- buy from $9.99
- rent from $2.99
Tomatometer®reviews counted: 14see all Prozac Nation reviews
Top Critic Reviews
Rotten: It should be no surprise that a flick about depressives turns into a depressing film.
- Dennis Schwartz, Ozus' World Movie Reviews, Thursday, June 24, 2010
Fresh: In portraying Elizabeth Wurtzel, Ricci displays range, depth, and courage.
- James Berardinelli, ReelViews, Tuesday, March 11, 2003
For anyone suffering from depression, Elizabeth Wurtzel's 1994 memoir was a boon. This film reflects on her time at Harvard, and the battle that ensued as she took on her demons. Starring Christina Ricci in the titular role, Lizzie has to take on her past demons now that she's away from home. Her mother (Lange) and father (Campbell) went through an irrefutably volatile divorce that still has a negative impact on Lizzie. She has battled through all this before, but now that she's in Harvard, devoid of a lot of human contact or the comforts of home, she unravels. Unable to break from her writing, addicted to drugs and alcohol, vehement, even to her supporters, and co-dependent of her first love, Rafe, Lizzie is lost in a sea of darkness. The film doesn't speak of someone's inability to cope, and isn't driving towards the point of being an indie feature. Most of the film features a build-up of tension between Lizzie and her mother, and the problems Lizzie faces in recovery. Lizzie is also a very emotional and bitter young woman, who thrashes out at anyone she could call a friend, and while this isn't a clear indication of what a depressed person looks like, it does make the character interesting. Her recovery after her prognosis and the steps she takes make for a great watch; for any young adult or teenager who is currently having their own trials and tribulations. Still, there's something so over the top about this film that it remains uncontrollably uncomfortable for the audience. Ricci is probably the worst indicator of this, because her acting is so hammy at times. She screams at the top of her lungs, and always cries. There's never any introspection, no darkness or true sadness, just an inability to understand what is happening to her. That and the performance seems comedic after a few too many wails. Lange gives yet another great performance as a mother stuck between caring for her daughter and living her own life, and Biggs is interesting for once, if a little stilted.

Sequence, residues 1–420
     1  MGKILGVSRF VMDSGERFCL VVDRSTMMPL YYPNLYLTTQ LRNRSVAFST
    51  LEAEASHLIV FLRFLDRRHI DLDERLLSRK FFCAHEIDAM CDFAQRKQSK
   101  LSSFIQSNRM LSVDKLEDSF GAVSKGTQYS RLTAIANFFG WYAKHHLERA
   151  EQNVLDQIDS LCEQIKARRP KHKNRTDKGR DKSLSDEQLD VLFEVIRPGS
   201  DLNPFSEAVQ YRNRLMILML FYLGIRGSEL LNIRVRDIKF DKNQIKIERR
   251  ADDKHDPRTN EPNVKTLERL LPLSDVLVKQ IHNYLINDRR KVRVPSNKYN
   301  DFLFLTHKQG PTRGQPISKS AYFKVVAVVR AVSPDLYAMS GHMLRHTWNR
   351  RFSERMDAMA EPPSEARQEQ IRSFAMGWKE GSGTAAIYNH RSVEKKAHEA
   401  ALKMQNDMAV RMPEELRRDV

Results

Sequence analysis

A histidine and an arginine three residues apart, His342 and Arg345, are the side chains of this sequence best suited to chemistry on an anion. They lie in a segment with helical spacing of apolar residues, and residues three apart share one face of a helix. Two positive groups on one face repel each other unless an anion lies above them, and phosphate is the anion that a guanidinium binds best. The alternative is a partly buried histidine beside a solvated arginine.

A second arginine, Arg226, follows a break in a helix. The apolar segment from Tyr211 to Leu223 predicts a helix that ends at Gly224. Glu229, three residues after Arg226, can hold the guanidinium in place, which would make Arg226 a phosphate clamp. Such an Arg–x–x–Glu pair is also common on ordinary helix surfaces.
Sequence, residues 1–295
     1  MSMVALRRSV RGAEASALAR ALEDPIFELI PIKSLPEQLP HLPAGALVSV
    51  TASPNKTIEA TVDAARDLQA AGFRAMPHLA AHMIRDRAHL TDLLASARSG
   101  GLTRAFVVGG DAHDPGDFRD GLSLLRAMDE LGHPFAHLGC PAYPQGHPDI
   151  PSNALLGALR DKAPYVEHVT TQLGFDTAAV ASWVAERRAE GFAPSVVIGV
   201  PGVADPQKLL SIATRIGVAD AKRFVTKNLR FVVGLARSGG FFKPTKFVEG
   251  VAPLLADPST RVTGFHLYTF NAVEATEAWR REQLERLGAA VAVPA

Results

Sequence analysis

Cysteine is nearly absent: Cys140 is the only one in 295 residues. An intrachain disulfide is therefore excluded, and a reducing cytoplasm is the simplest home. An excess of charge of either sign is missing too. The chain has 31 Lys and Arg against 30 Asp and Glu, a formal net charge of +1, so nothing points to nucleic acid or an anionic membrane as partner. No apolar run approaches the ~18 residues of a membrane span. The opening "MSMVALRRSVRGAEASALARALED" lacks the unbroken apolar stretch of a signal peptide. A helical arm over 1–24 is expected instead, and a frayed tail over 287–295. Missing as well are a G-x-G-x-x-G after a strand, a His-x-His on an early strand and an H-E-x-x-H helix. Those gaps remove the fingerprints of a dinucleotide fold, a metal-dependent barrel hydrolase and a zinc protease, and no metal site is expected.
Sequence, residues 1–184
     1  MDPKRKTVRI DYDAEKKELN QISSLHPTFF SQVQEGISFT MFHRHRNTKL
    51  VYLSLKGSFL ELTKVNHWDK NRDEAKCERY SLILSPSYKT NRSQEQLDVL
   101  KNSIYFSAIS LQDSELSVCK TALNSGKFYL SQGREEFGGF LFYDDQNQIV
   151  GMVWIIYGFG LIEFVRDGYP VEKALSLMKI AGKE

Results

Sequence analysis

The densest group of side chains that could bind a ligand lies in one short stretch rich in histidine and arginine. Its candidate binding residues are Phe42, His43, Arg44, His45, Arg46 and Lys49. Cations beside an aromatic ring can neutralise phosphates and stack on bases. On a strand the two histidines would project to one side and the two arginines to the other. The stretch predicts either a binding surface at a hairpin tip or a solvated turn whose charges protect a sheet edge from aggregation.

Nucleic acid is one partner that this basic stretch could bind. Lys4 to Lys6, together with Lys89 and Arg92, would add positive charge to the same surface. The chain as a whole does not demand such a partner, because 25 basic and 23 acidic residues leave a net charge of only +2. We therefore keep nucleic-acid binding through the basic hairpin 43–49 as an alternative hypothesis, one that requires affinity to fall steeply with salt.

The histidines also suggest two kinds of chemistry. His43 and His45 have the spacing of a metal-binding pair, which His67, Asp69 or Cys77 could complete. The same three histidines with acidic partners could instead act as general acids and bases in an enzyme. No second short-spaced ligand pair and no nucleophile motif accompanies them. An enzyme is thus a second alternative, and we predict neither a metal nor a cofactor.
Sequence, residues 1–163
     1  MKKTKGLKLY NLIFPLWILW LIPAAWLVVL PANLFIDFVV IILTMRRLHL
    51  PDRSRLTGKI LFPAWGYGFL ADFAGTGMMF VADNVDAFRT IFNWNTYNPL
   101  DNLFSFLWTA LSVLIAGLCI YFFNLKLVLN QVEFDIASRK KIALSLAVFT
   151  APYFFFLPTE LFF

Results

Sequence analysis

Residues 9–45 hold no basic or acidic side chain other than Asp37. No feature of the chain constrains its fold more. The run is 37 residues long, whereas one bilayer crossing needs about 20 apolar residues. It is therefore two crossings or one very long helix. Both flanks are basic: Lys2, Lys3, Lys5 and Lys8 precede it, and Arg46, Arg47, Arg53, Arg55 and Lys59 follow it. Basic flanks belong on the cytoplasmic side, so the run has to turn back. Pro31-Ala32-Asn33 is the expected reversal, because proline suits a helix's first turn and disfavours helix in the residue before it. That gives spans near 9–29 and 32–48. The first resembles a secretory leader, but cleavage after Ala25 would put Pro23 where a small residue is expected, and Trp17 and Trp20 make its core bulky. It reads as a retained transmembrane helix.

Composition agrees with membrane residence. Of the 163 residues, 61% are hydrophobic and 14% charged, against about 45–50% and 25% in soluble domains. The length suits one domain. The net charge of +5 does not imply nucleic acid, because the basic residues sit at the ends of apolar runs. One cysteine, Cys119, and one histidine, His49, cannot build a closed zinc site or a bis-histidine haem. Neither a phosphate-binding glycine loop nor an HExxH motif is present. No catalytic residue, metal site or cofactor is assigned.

- FrizzDrop, Tuesday, November 19, 2013
Girl suffers from depression, girl has no reason to suffer from depression, girl becomes melodramatic for 90 minutes.
- Lemure, Thursday, June 7, 2012